Pentecostal Mission Church
(Misión Iglesia Pentecostal, MIP)
In 1952 a group of 120 believers left the Evangelical Pentecostal Church, one of the two largest Pentecostal churches which have their origins in the revival of 1909, in solidarity with four lay leaders who had been unjustly expelled from the church. After a year of unsuccessful negotiations to solve the problem, the group decided to form a new church, which was officially recognized in 1954, under the name Pentecostal Mission Church. Constituted in Santiago, the MIP extended through the missionary efforts of its members to the south-central part of the country and to Argentina, mainly among Chilean immigrants. Today the Pentecostal Mission Church in Argentina is an autonomous church, in full communion with the mother church in Chile.
Preserving its identification with the Pentecostal movement, the MIP defined itself as a "church of open doors", and became a pioneer of Pentecostal openness towards cooperation and communion with other Christian churches. It was a founding member of several inter-church organizations, such as the Evangelical Theological Community of Chile (1964) and the Christian Fellowship of Churches (1982). As is characteristic of the Chilean Pentecostal movement the MIP established itself among the poor sectors of the society. The increasing concern for the quality of life of these social groups led the church towards the end of the 1970s to found the "Evangelical Service for Development" (SEPADE, in Spanish), which is now an autonomous ecumenical institution (www.sepade.cl).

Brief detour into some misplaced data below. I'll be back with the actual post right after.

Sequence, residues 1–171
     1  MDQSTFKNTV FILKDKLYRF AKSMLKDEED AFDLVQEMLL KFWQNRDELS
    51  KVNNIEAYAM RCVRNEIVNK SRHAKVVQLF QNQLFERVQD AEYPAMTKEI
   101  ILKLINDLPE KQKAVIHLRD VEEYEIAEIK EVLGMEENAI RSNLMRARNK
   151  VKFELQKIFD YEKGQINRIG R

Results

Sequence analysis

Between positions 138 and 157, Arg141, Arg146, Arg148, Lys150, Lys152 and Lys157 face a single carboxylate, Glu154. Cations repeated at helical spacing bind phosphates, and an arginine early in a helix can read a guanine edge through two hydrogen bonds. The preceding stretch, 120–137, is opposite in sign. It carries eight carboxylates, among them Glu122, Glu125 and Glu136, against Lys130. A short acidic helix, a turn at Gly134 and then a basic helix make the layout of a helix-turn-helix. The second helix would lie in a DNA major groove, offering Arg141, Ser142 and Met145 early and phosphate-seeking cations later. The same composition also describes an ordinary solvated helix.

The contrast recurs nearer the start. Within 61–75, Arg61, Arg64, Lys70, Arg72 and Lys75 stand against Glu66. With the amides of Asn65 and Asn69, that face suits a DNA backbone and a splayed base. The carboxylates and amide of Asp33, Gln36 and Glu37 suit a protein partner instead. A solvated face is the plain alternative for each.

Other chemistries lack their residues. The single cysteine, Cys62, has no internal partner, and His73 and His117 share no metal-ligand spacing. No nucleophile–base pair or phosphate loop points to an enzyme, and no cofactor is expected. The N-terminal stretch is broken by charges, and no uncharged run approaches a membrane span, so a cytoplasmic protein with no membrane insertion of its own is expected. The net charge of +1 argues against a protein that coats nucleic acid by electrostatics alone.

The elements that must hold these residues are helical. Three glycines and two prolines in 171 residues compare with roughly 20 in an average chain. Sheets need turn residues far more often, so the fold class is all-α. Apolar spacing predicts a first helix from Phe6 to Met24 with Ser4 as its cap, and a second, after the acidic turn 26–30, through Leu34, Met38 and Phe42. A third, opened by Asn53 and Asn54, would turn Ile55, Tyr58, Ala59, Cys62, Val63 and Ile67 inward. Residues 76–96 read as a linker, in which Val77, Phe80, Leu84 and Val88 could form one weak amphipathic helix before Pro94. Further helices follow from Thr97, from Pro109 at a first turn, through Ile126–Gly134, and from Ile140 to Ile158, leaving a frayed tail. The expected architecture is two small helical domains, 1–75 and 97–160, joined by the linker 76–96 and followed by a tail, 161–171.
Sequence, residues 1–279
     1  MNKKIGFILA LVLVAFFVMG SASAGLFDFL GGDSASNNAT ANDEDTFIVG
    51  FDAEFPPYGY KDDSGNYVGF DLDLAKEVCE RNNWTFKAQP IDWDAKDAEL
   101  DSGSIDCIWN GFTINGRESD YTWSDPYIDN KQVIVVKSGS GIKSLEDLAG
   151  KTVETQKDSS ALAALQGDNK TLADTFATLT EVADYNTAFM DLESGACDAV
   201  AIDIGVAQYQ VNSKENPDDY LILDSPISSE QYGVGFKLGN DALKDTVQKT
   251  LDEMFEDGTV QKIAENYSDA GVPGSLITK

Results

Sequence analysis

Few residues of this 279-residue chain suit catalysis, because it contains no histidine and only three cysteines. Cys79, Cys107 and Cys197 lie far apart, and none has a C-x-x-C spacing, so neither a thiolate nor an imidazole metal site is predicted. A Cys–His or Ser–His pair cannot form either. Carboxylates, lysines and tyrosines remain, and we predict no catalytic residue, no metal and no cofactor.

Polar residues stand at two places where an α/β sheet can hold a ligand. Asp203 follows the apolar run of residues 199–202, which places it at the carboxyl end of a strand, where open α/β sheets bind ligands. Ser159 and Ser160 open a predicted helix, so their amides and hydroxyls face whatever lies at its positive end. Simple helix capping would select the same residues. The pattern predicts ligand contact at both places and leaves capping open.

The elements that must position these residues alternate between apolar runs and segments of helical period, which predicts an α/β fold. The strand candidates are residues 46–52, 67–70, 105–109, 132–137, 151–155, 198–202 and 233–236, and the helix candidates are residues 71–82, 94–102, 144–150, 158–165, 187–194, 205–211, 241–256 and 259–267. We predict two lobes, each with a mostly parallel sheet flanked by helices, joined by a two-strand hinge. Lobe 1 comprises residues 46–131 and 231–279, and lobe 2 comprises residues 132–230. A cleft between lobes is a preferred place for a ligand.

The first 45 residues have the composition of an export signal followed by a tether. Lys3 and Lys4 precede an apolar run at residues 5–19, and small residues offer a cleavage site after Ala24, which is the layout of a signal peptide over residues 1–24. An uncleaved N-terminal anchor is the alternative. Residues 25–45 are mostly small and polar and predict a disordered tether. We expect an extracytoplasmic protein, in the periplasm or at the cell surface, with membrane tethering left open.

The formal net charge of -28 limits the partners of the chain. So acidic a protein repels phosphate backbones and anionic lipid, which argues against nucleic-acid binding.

The MIP maintained its ecumenical and prophetic stance publicly during the difficult years of the military regime (1973-1990), when the official propaganda equalled ecumenism with communism. The result was that many members who were afraid of reprisals took their distance from the church. While other Pentecostal churches experienced growth, the MIP had to face a crisis of decline. Currently the church is searching for ways that would allow it to expand, maintaining a creative tension between its Pentecostal identity and its ecumenical vocation. The MIP understands itself as part of the one church of Christ, and as such shares the Trinitarian faith as expressed in the Apostle's Creed. Similarly, it shares the fundamental principles of the Protestant Reformation (only grace and only faith, only Christ, and only the scriptures), the Pentecostal emphasis on the transforming power of the Holy Spirit in the life of human beings (John 3:5-8) and the permanent presence of the Spirit in the faith community, enabling it to witness to the gospel "until the ends of the earth" (Acts 1:8).